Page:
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Home / Blog / A Beginner’s Guide to Finding the Right Tripod

 

Hey photographer! Martina here!

Tripods are one of those pieces of equipment that every photographer might need at one point or another. You don’t need one all the time, but when you do, having one makes all the difference.

The function of the tripod is very simple – to keep your camera steady. By having your camera steady you’re able to shoot at night, get those silky smooth waterfall photos, shoot the stars, take long exposure shots and a lot more!

Choosing a tripod can be overwhelming. There are just way too many choices out there.

Here are few guidelines to follow to find the right tripod for you!

Weight rating

The first thing to look at is how much weight a tripod can support. Depending on your camera and lens you’ll want to choose a tripod that supports their combined weight. For example, if you have a big telephoto lens, you need a heavy duty tripod. If you use a flash or battery grip, factor that weight in as well.

Tripod height

It’s important to have a tripod that matches your hight. If the tripod is too low, you might get tired of bending to look through the viewfinder. If it’s higher, you can always adjust.

Another factor is the height of the tripod when folded for easy travel.  I like to keep my tripod in my carry-on when I fly, so I prefer something light and compact.

Weight of the tripod

The weight of your tripod is very important unless you need it for your studio. If your tripod is too heavy, you’ll find yourself leaving it at home.

The lightest tripods are made from carbon but they tend to be more expensive.

Most budget-friendly tripods nowadays are made from aluminum, which is heavier than carbon.

Tripod legs

Tripod legs generally come in two forms – tubular and non-tubular. All-carbon-fiber legs come in tubular form and have a threaded twist-lock system to secure the legs, while aluminum tripods might come in different shapes with a flip-lock. Depending on the maximum height of the tripod, there might be between 3 and 5 sections on the tripod legs. The more sections, the higher the tripod can extend.

Tripod feet

Some advanced tripods will allow you to change the feet for different conditions. Unless you are planning to shoot in icy or slippery conditions, the standard rubber feet will work fine.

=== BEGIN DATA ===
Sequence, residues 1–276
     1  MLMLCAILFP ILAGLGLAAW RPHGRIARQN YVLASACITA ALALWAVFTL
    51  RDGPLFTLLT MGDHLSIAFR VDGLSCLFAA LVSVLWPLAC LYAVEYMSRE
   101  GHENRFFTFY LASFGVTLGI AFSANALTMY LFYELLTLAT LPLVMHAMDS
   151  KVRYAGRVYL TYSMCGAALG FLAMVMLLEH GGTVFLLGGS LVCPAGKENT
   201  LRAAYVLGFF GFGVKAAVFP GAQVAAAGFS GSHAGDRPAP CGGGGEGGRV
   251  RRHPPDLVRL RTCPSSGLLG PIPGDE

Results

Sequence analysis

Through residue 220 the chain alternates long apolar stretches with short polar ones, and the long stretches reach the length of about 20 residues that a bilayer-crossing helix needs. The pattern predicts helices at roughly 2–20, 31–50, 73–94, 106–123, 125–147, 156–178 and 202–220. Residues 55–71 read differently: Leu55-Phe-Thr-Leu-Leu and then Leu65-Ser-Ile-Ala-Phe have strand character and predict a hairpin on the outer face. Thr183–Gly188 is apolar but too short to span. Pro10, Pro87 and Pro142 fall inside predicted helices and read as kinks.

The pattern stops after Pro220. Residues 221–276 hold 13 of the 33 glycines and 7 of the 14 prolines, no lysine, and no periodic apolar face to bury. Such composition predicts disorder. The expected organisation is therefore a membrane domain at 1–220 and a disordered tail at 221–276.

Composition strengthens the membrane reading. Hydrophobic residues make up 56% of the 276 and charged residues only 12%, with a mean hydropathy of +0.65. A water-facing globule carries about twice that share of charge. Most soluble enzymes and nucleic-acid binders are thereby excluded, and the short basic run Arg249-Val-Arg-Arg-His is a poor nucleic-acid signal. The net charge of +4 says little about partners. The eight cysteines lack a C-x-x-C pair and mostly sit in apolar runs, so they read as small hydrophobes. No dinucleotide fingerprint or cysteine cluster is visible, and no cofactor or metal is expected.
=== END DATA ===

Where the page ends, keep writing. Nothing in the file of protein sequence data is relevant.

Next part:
Center post

Some tripods come with a centerpiece in the middle that allows you to increase the height even further. Many photographers prefer tripods without it, simply because of the vibration created when using it with long telephoto lenses.

Tripod Head

The tripod head is the most essential part of the tripod. It is responsible for securing the camera and controlling the movement.

There are 3 different types of tripod heads:

-Pan-Tilt Head: Most traditional type. It is identified by the three control arms extending from the body of the head. They are used to adjust the position of the head one axis at a time.

-Ball-Head: Consists of a ball enclosed in a housing with a tightening knob.

-Gimbal Head: Designed to allow rapid movements of the lens to track fast-moving subjects. When set up properly, the camera will remain steady even when not being held by the photographer.

Stability

Just because a tripod is heavy it doesn’t mean it’s the most stable option. It’s important for your tripod to be able to withstand occasional bumps or knocks in the field or rough, windy weather. If not, it could tilt and break your equipment.

Here are few tripods we really like:

  • Sunpak Ultra 7000 – $59.95. Very cheap, weighs 4.1 pounds (1.9 kg) and can support up to 12.3 pounds (5.6 kg) of total weight.

 

  • Slik Pro 340DX Tripod (Black) with 3-Way Pan/Tilt Head – $99.95. Although maximum height is too short for some people at only 57.9″ (147 cm), it is very lightweight at 3.5 pounds (1.58 kg) and can support up to 8.8 lbs (4 kg) of total weight. This would be a great tripod to take on long hikes.

 

  • Slik Pro 700DX Tripod with 3-Way Pan/Tilt Head – $139.95. It is a little heavy at 7 pounds (3.18 kg), but it can support up to 15 pounds (6.8 kg) of total weight and can be extended all the way to 74.8″ (190 cm).

Happy Shooting!

 
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